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Correcting the Politically Correct on Jamestown

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By Edward Cline from The Rule of Reason,cross-posted by MetaBlog

8 May 2007

To the Editor

The Daily Press

MP 120

7505 Warwick Boulevard

Newport News, VA 23607

([email protected])


Bentley Boyd made several statements in his May 6th article, “Why Jamestown Matters,” that need correction.

The overall problem with his article is that he does not take into account the role of philosophy – an adolescent role of reason in the early Enlightenment – in the settlement of North America by a culture that was beginning to discover individual rights and capitalism. These ideas, including the importance of the separation of church and state, were identified and systematized later in the 17th century by English philosopher John Locke. The Declaration of Independence is written in Lockean language.

Boyd writes that “Modern, secular Americans don’t realize how big a role religion played in the thinking of Europeans four centuries ago.” Well, that might be thanks to our failed education system, but the drive for individual rights was fueled by secular ideas of liberty, not religious ones. The Wesley and Whitfield religious phenomena were basically revolts against Anglicism, or the state church of Britain.

Boyd takes a swipe at the political thinkers of the 18th century by asserting “slave labor gave American gentlemen such as Thomas Jefferson the time to work out a free and democratic society for themselves.” It was not a “democratic” society that the Founders thought about and later fought for, but a republican form of government. “Democracy” and “republic” are not synonymous political terms. Then, slavery and the slave trade were key elements of the British mercantilist system, which the American colonists protested against throughout the 1760’s and 1770’s. The Crown collected a revenue on the slave trade, and especially in Virginia slaves by British law could not be emancipated. Also, the Founders had to win their own political freedom before turning to the matter of freeing the slaves.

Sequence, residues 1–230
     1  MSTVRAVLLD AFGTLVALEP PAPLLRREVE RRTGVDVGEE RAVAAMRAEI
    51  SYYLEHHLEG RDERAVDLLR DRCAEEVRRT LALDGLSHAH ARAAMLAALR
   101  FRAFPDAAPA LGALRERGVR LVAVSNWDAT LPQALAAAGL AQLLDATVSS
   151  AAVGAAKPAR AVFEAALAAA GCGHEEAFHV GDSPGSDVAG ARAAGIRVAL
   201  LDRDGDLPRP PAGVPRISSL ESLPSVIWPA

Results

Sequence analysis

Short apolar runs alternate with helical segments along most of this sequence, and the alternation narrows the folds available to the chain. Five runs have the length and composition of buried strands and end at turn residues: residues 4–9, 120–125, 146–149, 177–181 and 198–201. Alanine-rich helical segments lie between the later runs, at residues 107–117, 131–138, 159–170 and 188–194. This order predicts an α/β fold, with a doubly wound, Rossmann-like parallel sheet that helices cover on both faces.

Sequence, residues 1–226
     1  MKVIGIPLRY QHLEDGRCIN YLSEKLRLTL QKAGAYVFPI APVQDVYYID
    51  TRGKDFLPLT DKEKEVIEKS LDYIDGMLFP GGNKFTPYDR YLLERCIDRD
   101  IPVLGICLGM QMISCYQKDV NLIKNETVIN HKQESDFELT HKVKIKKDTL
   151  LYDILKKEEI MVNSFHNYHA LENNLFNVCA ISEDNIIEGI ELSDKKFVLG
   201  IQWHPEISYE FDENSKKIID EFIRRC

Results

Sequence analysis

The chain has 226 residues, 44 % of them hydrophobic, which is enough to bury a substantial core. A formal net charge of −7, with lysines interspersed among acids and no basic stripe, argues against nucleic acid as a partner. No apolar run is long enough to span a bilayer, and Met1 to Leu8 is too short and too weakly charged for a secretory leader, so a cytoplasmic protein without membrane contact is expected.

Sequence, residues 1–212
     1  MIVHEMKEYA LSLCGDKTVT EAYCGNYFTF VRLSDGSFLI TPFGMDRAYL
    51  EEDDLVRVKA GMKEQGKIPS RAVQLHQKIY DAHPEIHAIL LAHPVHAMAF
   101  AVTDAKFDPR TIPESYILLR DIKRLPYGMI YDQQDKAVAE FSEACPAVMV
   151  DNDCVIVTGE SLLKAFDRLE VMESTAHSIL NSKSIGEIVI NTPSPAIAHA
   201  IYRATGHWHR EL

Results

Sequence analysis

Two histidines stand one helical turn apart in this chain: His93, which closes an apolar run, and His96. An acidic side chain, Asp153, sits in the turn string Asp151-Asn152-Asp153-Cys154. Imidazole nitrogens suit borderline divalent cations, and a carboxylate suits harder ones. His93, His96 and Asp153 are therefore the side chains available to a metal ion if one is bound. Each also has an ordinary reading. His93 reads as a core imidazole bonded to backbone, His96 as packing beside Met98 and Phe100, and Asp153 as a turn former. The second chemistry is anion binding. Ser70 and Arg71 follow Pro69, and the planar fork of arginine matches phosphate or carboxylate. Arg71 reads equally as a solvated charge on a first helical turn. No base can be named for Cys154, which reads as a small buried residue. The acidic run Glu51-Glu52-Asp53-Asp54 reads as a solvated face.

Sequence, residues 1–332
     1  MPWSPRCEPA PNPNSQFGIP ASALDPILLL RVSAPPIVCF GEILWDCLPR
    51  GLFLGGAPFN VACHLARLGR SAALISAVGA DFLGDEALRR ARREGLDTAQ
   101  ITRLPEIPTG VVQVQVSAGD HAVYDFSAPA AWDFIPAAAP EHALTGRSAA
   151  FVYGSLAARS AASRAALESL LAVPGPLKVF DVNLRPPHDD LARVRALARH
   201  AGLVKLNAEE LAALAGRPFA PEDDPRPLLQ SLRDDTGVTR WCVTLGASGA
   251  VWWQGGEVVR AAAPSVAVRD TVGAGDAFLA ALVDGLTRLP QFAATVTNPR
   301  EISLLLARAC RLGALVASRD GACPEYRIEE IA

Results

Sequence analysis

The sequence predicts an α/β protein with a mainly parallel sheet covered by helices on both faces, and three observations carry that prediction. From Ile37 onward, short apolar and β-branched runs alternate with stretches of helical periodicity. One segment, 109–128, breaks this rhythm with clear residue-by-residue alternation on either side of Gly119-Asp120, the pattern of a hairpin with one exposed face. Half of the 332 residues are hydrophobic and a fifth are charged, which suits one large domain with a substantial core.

Boyd also repeats the mantra of the colonists’ alleged rapacious treatment of the Indians. Somehow, the vanguard of an advanced civilization was supposed to defer to and treat as an equal a people who had not yet emerged from the Stone Age, had not discovered the wheel or even metals, had been slaughtering each other in internecine tribal warfare for thousands of years, and would have remained in that primitive state had not the Europeans colonized the continent.

The Europeans discovered the New World; the Indians discovered nothing but their own cultural inferiority, which is why most of them sided with the French, who were not interested in civilizing the continent and turning it into a haven for those who wished to escape state power.


Edward Cline

Yorktown, VA 23690

(Author: “First Prize,” “Whisper the Guns,” and the “Sparrowhawk” series of novels set in England and Virginia in the decades preceding the Revolution.)


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